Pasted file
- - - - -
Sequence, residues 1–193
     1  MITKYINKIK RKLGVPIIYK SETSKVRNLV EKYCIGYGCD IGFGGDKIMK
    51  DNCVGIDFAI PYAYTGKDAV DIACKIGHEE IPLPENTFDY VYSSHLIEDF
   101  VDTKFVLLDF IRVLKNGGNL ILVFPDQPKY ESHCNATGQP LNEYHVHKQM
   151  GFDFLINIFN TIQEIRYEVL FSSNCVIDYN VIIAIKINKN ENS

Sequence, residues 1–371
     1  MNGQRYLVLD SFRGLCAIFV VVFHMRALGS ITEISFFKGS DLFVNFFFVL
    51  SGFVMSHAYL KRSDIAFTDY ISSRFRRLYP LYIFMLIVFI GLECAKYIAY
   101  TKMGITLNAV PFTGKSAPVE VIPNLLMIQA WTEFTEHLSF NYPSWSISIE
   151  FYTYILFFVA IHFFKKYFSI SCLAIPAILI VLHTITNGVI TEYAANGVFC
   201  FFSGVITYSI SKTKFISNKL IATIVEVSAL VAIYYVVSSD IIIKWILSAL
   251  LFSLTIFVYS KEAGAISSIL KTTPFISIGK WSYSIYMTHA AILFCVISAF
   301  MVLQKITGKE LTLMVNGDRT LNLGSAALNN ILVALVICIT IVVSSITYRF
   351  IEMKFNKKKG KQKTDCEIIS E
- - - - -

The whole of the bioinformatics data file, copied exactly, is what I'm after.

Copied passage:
Sequence, residues 1–193
     1  MITKYINKIK RKLGVPIIYK SETSKVRNLV EKYCIGYGCD IGFGGDKIMK
    51  DNCVGIDFAI PYAYTGKDAV DIACKIGHEE IPLPENTFDY VYSSHLIEDF
   101  VDTKFVLLDF IRVLKNGGNL ILVFPDQPKY ESHCNATGQP LNEYHVHKQM
   151  GFDFLINIFN TIQEIRYEVL FSSNCVIDYN VIIAIKINKN ENS

Sequence, residues 1–371
     1  MNGQRYLVLD SFRGLCAIFV VVFHMRALGS ITEISFFKGS DLFVNFFFVL
    51  SGFVMSHAYL KRSDIAFTDY ISSRFRRLYP LYIFMLIVFI GLECAKYIAY
   101  TKMGITLNAV PFTGKSAPVE VIPNLLMIQA WTEFTEHLSF NYPSWSISIE
   151  FYTYILFFVA IHFFKKYFSI SCLAIPAILI VLHTITNGVI TEYAANGVFC
   201  FFSGVITYSI SKTKFISNKL IATIVEVSAL VAIYYVVSSD IIIKWILSAL
   251  LFSLTIFVYS KEAGAISSIL KTTPFISIGK WSYSIYMTHA AILFCVISAF
   301  MVLQKITGKE LTLMVNGDRT LNLGSAALNN ILVALVICIT IVVSSITYRF
   351  IEMKFNKKKG KQKTDCEIIS E